Each of the 21 administrators will draw the name of one lucky winner out of their respective bag. The name each of us pulls will be the person whose classroom or other position we cover (secretary, TA, classroom teacher, etc.) for 1 day sometime next semester.

We will work with the winning staff member to schedule the day anytime between January and the end of the school year.

So, in total, 21 staff members will receive a free day's coverage from one of us as a fun Holiday gift!


  • It may well be that you will have someone covering for you from another building (e.g., Rachel Aspinall @aspinall_rachel may teach a 1st grade class at Wilmot one day if she pulls that name).
  • You should only place your name one time in as many of the 21 bags as you choose.
  • We cannot be responsible for what happens wherever Dr. Lubelfeld finds himself "working."
  • We will notify everyone of the 21 winners next Thursday!
Thanks so much; please let me know if you have any questions. We really are grateful for the work that each of you does and hope this small, fun token of our appreciation reflects that gratitude during the holiday season and beyond. Cheers!

The 15th Friday: A Culture of Learning

…Ultimately, a school’s culture has far more influence on life and learning in the schoolhouse than the state department of education, the superintendent, the school board, or even the principal can ever have.”
Roland Barth

A school’s culture can indeed be a powerful thing. It can include many things and can be defined in different ways. Barth’s simplest definition of school culture is, “The way we do things around here.” In schools with positive cultures, these “things” are primarily focused on student learning. A culture that consistently focuses on student learning must possess the following characteristics (Barth, 2002):

  • A clear purpose
  • A collaborative environment
  • Frequent discussions centered on best teaching practices
  • A commitment to continuous improvement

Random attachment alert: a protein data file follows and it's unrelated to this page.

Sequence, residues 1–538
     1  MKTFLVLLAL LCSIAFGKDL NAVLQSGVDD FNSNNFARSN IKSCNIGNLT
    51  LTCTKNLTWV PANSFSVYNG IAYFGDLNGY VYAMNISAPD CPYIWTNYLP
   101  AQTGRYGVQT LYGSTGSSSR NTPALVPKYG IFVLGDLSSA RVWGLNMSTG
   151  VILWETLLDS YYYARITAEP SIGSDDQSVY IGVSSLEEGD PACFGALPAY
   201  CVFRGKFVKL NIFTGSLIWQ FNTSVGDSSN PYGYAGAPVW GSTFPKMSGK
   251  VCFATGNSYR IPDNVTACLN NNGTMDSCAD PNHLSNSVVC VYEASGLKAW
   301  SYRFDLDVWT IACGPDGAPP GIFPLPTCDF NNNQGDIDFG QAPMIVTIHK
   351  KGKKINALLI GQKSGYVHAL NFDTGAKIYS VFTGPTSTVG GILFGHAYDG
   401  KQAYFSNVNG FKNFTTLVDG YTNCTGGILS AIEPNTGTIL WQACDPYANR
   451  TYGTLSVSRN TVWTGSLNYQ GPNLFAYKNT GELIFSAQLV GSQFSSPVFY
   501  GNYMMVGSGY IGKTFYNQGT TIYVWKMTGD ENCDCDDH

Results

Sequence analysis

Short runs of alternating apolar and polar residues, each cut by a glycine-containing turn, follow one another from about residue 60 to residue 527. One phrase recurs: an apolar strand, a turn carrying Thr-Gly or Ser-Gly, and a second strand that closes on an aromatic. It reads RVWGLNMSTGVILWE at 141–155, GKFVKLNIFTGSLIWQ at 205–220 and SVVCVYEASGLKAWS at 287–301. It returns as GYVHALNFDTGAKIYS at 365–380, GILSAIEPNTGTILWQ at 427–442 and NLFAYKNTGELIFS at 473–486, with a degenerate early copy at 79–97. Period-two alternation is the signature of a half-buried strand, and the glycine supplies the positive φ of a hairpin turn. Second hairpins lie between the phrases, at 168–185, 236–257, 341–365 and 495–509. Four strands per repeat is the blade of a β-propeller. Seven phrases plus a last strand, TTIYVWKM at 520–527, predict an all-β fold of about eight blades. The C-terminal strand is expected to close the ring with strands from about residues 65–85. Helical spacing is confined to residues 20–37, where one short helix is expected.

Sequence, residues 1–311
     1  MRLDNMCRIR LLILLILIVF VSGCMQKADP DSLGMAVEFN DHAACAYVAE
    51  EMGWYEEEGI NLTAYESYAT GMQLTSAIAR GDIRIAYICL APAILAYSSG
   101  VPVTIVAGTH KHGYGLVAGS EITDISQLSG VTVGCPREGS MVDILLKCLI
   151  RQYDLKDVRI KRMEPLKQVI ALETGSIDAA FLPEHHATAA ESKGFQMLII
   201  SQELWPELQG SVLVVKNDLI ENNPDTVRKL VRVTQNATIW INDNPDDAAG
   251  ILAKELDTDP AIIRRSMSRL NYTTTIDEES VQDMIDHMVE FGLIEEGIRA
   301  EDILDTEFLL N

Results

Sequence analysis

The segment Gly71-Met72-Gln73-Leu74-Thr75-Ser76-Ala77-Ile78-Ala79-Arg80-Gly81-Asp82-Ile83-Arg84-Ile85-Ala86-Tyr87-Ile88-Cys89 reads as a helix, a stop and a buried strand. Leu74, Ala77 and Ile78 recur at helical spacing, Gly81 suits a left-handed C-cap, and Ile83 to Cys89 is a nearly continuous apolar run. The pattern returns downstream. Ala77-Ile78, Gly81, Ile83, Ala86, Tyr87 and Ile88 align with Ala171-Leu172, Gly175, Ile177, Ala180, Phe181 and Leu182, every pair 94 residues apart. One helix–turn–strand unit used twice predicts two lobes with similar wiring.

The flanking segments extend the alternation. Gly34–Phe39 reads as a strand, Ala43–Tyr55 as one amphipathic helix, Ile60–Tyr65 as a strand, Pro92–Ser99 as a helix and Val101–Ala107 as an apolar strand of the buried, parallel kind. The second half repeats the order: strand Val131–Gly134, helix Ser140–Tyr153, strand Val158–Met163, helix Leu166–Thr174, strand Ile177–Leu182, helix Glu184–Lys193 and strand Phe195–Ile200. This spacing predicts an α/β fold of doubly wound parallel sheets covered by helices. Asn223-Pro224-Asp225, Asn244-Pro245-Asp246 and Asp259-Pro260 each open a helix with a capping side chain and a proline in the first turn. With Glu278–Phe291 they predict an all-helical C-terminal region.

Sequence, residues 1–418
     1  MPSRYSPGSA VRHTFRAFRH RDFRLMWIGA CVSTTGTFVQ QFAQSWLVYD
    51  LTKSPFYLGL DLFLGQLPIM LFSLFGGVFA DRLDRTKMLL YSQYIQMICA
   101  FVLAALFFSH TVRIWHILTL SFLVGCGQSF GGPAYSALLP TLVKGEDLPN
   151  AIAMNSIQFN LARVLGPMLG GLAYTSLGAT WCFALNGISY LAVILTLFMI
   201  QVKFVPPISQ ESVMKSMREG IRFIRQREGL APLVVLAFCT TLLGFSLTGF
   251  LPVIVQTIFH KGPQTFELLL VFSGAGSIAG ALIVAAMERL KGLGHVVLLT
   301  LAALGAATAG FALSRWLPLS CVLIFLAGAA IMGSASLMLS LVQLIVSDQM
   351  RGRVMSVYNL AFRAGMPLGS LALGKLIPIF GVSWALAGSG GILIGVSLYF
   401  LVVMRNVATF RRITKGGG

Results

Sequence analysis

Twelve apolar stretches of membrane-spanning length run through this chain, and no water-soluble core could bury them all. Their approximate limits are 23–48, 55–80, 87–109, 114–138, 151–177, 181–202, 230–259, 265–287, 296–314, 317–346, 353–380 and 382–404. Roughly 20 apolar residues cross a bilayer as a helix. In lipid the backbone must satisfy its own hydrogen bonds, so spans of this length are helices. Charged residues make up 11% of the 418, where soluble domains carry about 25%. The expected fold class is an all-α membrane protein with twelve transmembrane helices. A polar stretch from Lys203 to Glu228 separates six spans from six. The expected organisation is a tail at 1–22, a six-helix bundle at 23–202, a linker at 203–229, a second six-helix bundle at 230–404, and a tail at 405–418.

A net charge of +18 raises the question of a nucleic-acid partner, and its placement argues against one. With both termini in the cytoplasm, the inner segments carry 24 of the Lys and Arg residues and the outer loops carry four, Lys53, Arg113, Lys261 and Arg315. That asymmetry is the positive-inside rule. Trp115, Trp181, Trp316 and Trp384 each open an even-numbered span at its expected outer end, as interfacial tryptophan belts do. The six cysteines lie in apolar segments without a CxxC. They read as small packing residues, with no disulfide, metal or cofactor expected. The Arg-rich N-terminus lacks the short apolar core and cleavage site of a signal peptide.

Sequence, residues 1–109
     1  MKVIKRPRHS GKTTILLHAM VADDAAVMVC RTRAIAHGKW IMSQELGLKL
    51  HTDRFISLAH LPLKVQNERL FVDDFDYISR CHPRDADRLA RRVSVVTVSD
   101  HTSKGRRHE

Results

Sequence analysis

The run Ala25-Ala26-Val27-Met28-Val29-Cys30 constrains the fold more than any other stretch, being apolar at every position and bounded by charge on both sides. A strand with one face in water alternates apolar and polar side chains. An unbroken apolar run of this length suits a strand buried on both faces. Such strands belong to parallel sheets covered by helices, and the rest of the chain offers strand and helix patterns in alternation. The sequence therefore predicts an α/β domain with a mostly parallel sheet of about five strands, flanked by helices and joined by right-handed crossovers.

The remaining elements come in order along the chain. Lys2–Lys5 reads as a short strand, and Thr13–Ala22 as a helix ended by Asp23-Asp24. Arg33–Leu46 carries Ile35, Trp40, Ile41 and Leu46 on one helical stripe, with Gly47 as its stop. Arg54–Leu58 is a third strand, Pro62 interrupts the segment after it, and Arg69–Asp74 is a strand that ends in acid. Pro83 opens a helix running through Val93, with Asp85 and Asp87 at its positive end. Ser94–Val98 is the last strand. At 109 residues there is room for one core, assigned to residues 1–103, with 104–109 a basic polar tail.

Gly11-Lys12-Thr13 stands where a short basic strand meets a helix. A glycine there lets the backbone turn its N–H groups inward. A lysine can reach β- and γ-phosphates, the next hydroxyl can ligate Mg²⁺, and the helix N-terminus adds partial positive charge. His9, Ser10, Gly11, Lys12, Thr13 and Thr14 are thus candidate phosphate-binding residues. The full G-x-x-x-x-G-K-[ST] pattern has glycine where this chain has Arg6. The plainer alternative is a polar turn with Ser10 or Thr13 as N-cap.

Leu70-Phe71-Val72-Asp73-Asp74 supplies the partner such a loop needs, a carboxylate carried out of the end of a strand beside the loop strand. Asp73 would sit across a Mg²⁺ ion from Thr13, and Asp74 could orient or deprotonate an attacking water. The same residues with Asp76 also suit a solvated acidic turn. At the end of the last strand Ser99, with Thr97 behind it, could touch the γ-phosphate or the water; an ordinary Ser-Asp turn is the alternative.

• A results orientation
  • Administrators who empower teachers
  • A willingness to confront and overcome adversity
  • A staff that always has the best interests of students at heart

Everything we do begins with a clear purpose, or mission. An organization’s mission answers the question why it exists—what, precisely, is its core purpose? Of course, at any school, the core responsibility of educators serving there is to ensure student learning, but in highly effective schools and districts, guaranteeing superior learning experiences is not only our responsibility, but our passion!

Many of our students will be receiving gifts during the holiday season but none of these gifts can be as valuable as the gifts our teachers give them throughout the year and which last a lifetime—most importantly, the gift of lifelong learning. Ron Brandt (1998) wrote a book called Powerful Learning in which he summarized the learning process to include ten crucial statements. These ten essential fundamentals of learning apply to individual students as well as entire organizations and serve as reminders of how students learn and how we can optimize their ability to achieve at their highest possible levels. Take a look at these statements and see if you agree:

  1. People learn what is personally meaningful to them;
  2. People learn when they accept challenging, but achievable, goals;
  3. Learning is developmental;
  4. Individuals learn differently;
  5. People construct new knowledge by building their current knowledge
  6. Much learning occurs through social interaction
  7. People need feedback in order to learn;
  8. Successful learning involves the use of strategies—which themselves must be learned;
  9. A positive emotional climate strengthens learning;
  10. Learning is influenced by total environment.
As I continue to observe in classrooms throughout our own district, I notice kids learning at high levels because these ten crucial statements are being considered as lessons are planned and as meetings are convened to reflect on our practices.

As we near the end of another calendar year of teaching and learning, I hope you take a moment to reflect on Barth’s eight characteristics of a positive school culture and Brandt’s ten characteristics of powerful learning. Do you agree that these statements capture the essence of culture and learning? Which are most/least important? How are we doing in our classrooms, schools, and districts in relation to these indicators of positive culture and powerful learning? I hope you give yourselves high marks; at the same time, one reason excellent educators are so good at what they do is that they always strive to get better still, and it is worth noting Barth’s emphasis on a commitment to continuous improvement.

Thanks for giving the most powerful gift of all each day to the students you serve—the gift of learning. Incorporating powerful learning practices into our daily lessons and working together to build a positive school culture are two ways we Teach with Passion each day!

Book Bits…

As I have mentioned previously, O’Connor devotes a chapter each to 15 “broken” grading practices, offering a “fix” for each problem. This week, we look at the fifteenth—and final—problem, along with his fix: